Carrie Kahn

Carrie Kahn is NPR's international correspondent based in Mexico City, Mexico. She covers Mexico, the Caribbean and Central America. Kahn's reports can be heard on NPR's award-winning news programs including All Things Considered, Morning Edition and Weekend Edition.

Prior to her post in Mexico Kahn had been a National Correspondent based in Los Angeles since joining NPR in 2003. During that time Kahn often reported on and from Mexico, most recently covering the country's presidential election in 2012. She was the first NPR reporter into Haiti after the devastating earthquake in early 2010, and has returned to the country six times in the two years since to detail recovery and relief efforts, and the political climate.

Her work included assignments throughout California and the West. In 2010 Kahn was awarded the Headliner Award for Best in Show and Best Investigative Story for her work covering U.S. informants involved in the Mexican Drug War. In 2005, Kahn was part of NPR's extensive coverage of Hurricane Katrina, where she investigated claims of euthanasia in New Orleans hospitals, recovery efforts along the Gulf Coast and resettlement of city residents in Houston, TX. She has covered her share of hurricanes since, fire storms and mudslides in Southern California and the controversial life and death of pop-icon Michael Jackson. In 2008, as China hosted the world's athletes, Kahn recorded a remembrance of her Jewish grandfather and his decision to compete in Hitler's 1936 Olympics.

Before coming to NPR in 2003, Kahn worked for 2 1/2 years at NPR station KQED in San Francisco, first as an editor and then as a general assignment reporter with a focus on immigration reporting. From 1994 to 2001, Kahn was the border and community affairs reporter at NPR station KPBS in San Diego, where she covered Northern Mexico, immigration, cross-border issues and the city's ethnic communities.

While at KPBS, Kahn received numerous awards, including back-to-back Sol Price Awards for Responsible Journalism from the Society of Professional Journalists. She won the California/Nevada Associated Press award for Best News Feature, eight Golden Mike Awards from the Radio & TV News Association of Southern California and numerous prizes from the San Diego Press Club and the Society of Professional Journalists of San Diego. She was also awarded three consecutive La Pluma Awards from the California Chicano News Media Association.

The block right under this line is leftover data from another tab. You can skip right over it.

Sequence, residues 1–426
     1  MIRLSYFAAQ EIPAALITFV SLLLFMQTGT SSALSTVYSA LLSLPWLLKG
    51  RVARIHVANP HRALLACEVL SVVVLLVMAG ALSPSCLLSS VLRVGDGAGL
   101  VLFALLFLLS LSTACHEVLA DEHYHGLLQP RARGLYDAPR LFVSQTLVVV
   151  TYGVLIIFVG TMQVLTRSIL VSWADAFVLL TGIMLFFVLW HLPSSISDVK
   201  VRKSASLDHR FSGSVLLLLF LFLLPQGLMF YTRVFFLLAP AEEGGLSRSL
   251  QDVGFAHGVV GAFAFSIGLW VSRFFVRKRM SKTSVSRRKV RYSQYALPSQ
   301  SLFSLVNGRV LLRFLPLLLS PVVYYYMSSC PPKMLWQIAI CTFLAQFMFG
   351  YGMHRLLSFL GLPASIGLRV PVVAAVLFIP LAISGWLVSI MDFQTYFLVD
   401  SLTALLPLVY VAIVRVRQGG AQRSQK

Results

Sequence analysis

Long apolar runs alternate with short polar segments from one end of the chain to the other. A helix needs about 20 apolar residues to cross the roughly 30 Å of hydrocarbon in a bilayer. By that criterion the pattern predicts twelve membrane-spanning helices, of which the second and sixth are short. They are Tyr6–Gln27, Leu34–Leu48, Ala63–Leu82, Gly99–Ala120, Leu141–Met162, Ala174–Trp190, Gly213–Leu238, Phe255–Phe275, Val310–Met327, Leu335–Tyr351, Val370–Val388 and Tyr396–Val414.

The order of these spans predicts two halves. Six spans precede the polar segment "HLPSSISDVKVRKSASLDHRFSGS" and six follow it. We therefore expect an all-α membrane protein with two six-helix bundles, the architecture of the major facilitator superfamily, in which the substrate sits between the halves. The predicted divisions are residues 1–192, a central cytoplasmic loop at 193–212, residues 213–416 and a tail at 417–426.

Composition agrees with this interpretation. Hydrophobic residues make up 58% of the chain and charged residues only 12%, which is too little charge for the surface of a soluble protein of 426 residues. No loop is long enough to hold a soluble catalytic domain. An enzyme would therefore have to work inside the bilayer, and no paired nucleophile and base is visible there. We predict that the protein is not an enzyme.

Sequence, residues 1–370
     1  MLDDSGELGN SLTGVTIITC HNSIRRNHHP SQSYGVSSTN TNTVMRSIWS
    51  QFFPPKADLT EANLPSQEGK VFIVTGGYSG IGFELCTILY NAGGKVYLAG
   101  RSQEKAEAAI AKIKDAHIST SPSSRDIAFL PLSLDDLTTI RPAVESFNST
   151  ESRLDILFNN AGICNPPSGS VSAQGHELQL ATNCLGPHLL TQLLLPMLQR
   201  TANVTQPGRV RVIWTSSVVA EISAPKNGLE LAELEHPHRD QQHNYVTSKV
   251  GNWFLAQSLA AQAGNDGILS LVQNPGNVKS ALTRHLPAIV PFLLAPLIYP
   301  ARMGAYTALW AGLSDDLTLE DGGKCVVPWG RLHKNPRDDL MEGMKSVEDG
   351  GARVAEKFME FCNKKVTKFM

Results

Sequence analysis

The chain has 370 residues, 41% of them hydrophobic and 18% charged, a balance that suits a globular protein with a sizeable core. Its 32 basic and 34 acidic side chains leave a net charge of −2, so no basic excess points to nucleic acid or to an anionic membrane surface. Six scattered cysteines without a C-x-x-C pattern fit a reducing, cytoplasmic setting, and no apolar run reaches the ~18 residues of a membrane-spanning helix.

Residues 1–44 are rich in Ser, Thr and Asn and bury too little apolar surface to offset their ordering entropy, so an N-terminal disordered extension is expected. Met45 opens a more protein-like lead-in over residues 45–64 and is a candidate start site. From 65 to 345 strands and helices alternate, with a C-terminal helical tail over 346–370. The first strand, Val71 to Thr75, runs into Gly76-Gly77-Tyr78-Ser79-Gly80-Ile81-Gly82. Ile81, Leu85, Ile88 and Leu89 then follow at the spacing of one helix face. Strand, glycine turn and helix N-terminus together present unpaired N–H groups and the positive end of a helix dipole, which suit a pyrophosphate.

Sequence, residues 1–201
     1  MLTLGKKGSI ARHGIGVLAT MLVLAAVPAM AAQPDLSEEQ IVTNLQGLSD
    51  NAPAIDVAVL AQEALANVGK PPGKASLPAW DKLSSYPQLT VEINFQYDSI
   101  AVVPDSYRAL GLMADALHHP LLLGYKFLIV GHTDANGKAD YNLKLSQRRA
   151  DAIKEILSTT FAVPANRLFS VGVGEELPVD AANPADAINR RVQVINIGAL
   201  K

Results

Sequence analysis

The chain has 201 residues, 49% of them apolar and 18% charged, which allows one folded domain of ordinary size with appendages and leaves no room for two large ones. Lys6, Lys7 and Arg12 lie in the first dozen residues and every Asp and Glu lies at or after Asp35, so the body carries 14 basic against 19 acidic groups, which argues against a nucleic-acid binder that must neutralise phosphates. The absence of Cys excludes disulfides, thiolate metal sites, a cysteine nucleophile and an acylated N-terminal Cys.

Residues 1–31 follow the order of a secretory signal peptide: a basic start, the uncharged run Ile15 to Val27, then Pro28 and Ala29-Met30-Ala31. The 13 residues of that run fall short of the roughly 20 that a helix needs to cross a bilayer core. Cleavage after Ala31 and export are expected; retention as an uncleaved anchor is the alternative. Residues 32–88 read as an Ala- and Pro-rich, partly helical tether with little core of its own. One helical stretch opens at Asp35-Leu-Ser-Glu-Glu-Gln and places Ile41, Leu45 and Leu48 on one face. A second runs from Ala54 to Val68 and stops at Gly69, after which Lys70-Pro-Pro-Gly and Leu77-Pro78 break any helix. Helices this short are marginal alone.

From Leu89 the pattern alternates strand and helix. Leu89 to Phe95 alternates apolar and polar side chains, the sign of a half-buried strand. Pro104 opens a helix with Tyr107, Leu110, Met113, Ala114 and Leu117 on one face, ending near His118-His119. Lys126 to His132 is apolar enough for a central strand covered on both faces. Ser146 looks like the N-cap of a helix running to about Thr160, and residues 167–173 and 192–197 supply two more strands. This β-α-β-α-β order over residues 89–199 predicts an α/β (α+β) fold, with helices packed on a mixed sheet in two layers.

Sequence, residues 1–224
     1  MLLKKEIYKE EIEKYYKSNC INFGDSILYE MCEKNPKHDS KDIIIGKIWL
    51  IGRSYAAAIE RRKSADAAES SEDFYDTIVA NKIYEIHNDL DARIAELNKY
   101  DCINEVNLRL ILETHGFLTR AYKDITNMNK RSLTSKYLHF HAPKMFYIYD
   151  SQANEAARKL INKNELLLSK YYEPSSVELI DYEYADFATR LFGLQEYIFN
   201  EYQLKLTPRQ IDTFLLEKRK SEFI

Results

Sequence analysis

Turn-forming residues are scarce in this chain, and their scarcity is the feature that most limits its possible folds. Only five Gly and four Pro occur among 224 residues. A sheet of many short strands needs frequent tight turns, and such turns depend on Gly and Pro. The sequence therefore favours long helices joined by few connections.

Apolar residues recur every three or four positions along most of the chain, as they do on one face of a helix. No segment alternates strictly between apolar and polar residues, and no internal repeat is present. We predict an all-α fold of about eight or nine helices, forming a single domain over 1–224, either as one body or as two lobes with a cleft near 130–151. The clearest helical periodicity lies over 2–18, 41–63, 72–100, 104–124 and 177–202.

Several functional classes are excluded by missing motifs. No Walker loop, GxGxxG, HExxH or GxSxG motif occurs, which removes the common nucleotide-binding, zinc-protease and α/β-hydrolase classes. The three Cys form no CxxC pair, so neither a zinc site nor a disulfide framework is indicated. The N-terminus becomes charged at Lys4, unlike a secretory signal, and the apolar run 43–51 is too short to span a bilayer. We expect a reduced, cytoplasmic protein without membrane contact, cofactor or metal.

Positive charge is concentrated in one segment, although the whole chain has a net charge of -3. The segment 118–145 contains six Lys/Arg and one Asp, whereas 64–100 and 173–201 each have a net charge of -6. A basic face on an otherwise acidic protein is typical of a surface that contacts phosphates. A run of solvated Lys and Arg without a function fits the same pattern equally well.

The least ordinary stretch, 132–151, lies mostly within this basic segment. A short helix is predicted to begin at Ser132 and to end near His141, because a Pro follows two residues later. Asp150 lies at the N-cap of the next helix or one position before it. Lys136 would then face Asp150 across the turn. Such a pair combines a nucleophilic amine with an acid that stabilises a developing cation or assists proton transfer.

Prior to joining KPBS, Kahn worked for NPR station KUSP and published a bilingual community newspaper in Santa Cruz, CA.

Kahn is frequently called upon to lecture or discuss border issues and bi-national journalism. Her work has been cited for fairness and balance by the Poynter Institute of Media Studies. She was awarded and completed a Pew Fellowship in International Journalism at Johns Hopkins University.

Kahn received a Bachelors degree from UC Santa Cruz in Biology. For several years she was a human genetics researcher in California and in Costa Rica. She has traveled extensively throughout Mexico, Central America, Europe and the Middle East, where she worked on a English/Hebrew/Arabic magazine.

The trial of a teen accused of killing a gay classmate, 15-year old Lawrence King, is underway in southern California and bringing national attention to the problem of gay bullying.

Prosecutors say the defendant murdered his classmate out of his hatred of homosexuals, but defense attorneys say their client snapped after being repeatedly harassed by the openly gay teen.

The Souris River is slowly retreating in Minot, N.D., where the river peaked early Sunday at levels not seen in more than a century. About 4,000 homes are flooded and a quarter of the town's 40-thousand residents are displaced.

There is a constant stream of dump trucks crossing the main bridge in downtown Minot. Construction crews continue to build, fill and shore up levees aimed at keeping what's left of the town dry.

The city's records date back to the late 1800s, and they show there's never been this much water coming through town.

Nominations for this year's Primetime Emmys close Friday, and for weeks TV networks have been waging slick ad campaigns on behalf of their shows, actors and actresses. This year there's a newcomer to the Emmy campaign: Spanish-language network Telemundo, which is promoting its hit La Reina del Sur (The Queen of the South).

La Reina del Sur chronicles the life of a naive Mexican woman who falls in love with a drug lord and stumbles into becoming one of the world's most powerful traffickers.

Federal authorities have launched a nationwide crack down on scam artists who prey on immigrants hoping to become U.S. citizens. Officials say the problem is growing.

Con artists promise to help illegal immigrants stay in the country legally but in the end leave, the people penniless and in more trouble with the immigration service.

Lots of friends told Guatemalan immigrant Catalina Alvarado to go see an immigration lawyer near her home in Hollywood, Calif. They told her he works magic and would get her a work permit and even a green card.

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